The company was at the centre of the ad-blocking debate last year at the Mobile World Congress after Three signed up to use its technology at a network level in UK and Italy.
Now, the firm has pivoted dramatically and has announced that it will no longer sell ad-blocking software. Instead, it has launched an offering that promises to deliver a better advertising experience for consumers.
The new service is opt-in and promises a "better, safer, online ad experience". It’s slated to launch mid-year. It also has an ad campaign.
Rainbow claims that its offering was built in cooperating with the advertising industry. "We've been working hand-in-hand with all stakeholders in order to make it 'fit-for-purpose'," reads its media kit. It lists its design partners as mobile carrier group, Three, a "top three global advertising agency group" and a "global media content group".
The way Rainbow will work is it will verify ads that have been submitted for verification against industry standards. Ads that meet this standard will be digitally stamped and consumers are only presented with Rainbow-verified ads. Rainbow's filters will be enforced at network-level for consumers who have opted in.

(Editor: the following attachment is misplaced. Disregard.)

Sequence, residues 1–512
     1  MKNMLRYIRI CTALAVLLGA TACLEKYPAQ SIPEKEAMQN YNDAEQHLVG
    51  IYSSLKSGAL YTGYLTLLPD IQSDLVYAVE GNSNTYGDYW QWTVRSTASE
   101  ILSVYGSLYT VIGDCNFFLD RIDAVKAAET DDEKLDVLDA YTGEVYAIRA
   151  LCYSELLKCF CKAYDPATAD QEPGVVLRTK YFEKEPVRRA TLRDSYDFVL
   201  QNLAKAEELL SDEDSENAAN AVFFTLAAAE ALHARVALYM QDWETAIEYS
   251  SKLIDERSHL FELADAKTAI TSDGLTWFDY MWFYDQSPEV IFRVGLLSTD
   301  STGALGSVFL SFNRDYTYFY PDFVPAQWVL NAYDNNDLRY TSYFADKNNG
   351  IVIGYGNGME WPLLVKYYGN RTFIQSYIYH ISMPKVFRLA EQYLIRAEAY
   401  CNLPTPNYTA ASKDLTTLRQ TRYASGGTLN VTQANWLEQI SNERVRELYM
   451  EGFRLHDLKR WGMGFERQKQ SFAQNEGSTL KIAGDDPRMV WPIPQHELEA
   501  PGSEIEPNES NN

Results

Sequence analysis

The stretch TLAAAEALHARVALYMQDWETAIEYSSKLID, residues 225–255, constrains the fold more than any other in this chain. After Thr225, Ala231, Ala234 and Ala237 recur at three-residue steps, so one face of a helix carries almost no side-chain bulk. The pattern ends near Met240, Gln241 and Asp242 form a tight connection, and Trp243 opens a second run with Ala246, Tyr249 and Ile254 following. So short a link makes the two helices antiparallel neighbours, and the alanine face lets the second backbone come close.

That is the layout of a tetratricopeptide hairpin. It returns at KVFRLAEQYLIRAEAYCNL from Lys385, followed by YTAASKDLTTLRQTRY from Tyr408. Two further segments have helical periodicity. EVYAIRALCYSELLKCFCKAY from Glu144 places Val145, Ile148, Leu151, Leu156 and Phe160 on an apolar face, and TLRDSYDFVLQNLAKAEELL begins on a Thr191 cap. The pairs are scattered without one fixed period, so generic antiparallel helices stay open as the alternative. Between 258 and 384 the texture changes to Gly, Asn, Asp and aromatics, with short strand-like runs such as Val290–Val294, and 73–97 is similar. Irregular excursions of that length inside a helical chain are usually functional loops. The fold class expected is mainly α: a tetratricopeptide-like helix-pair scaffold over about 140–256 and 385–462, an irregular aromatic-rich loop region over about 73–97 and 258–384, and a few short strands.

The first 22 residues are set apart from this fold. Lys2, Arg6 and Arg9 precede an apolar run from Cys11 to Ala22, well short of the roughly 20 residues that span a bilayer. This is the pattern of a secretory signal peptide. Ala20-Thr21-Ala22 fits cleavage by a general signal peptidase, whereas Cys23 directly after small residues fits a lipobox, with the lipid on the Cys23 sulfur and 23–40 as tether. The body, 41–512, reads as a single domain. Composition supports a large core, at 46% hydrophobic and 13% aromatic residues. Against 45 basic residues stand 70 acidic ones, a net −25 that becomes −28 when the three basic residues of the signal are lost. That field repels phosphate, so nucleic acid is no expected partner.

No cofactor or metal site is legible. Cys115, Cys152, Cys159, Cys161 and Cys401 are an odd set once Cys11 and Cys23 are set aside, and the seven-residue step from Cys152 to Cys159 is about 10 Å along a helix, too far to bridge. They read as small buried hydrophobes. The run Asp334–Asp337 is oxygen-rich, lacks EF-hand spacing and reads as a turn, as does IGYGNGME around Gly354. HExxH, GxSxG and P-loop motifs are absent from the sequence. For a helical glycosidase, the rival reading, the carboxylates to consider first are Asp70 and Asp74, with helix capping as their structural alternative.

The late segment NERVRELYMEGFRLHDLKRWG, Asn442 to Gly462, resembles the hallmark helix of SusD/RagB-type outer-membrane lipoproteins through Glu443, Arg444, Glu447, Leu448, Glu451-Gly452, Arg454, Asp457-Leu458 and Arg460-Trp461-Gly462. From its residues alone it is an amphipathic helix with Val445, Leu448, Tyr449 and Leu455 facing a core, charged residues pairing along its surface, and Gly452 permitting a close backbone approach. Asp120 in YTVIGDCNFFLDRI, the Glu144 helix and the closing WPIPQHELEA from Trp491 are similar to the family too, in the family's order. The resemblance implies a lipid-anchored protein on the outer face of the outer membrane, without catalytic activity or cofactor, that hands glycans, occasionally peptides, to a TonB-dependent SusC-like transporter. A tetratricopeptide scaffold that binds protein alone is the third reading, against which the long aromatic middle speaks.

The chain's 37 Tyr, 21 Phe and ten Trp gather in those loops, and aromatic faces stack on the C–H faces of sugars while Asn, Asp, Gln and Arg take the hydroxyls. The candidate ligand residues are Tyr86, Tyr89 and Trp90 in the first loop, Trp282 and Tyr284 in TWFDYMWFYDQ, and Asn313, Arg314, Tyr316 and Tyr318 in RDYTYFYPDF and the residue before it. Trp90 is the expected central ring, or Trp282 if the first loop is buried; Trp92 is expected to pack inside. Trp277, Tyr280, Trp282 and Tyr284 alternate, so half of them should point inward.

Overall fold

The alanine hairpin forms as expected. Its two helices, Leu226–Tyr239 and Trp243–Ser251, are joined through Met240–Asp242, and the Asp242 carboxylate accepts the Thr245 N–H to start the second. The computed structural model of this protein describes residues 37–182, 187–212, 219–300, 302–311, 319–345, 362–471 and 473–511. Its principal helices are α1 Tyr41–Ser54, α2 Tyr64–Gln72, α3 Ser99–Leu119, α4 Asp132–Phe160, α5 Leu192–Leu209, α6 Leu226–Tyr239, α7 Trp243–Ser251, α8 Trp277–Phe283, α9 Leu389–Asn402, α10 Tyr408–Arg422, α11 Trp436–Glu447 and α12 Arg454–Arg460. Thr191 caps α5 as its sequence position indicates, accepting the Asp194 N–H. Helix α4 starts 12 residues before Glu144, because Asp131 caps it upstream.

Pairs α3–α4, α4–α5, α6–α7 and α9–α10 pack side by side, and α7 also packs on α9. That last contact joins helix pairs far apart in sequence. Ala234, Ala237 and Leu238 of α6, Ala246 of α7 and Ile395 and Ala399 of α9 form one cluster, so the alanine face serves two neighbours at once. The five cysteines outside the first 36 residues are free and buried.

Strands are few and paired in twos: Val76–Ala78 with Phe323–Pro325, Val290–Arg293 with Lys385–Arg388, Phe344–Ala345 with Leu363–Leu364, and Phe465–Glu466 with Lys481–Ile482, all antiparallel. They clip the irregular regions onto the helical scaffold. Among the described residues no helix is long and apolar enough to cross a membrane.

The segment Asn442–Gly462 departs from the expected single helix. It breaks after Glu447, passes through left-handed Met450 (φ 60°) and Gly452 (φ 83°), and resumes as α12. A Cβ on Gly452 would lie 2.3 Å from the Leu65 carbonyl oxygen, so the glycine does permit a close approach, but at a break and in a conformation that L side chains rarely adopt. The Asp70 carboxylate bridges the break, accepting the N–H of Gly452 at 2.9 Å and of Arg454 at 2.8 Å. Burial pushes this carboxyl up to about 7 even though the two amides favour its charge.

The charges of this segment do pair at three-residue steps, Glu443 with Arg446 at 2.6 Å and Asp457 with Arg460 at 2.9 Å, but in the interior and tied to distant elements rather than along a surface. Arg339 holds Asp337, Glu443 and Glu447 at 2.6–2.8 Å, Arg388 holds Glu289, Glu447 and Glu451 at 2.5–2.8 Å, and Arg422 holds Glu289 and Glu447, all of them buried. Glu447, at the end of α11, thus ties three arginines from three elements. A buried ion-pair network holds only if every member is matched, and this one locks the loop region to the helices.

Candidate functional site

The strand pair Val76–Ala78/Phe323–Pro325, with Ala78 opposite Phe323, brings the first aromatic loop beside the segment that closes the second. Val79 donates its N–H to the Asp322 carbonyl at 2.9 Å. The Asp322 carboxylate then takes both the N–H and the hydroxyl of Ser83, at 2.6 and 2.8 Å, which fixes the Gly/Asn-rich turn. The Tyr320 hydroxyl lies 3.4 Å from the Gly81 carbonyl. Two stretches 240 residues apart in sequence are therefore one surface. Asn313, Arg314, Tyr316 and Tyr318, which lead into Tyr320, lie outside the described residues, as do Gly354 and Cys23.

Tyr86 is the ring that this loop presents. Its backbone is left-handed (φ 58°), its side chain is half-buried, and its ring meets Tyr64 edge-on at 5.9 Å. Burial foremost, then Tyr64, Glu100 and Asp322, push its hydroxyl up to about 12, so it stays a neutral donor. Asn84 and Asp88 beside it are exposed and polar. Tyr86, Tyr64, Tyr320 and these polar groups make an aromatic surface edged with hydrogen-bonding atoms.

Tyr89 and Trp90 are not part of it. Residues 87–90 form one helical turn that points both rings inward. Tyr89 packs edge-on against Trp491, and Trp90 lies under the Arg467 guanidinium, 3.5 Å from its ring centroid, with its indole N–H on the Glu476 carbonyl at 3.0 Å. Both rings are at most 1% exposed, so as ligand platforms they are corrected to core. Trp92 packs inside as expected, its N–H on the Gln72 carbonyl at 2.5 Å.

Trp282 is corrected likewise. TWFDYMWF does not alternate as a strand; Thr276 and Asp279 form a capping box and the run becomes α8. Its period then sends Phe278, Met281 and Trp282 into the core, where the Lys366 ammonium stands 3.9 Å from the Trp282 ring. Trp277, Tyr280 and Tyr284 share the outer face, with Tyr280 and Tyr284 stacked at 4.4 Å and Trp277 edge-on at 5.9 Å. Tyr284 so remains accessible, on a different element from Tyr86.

While ad verification services will be free, Rainbow intends to monetise insights and data services.
This turnabout face mirrors Adblock Plus’ owners Eyeo’s decision to launch an ad exchange in December last year.
The decision to abandon ad-blocking as a main source of revenue could be due to the slowing adoption of ad-blockers.
Update: This article has been revised to omit references to Rainbow as an 'advertising network'.
Roi Carthy, chief marketing officer of Rainbow, explained that the service does not monetise ads or own any inventory and so cannot be classified as an advertising network.
"We are not an ad network by any stretch of the imagination," said Carthy. "Nor are we serving ads.
We are a verification service, much like a brand safety service. We are not part of the 'pipes'."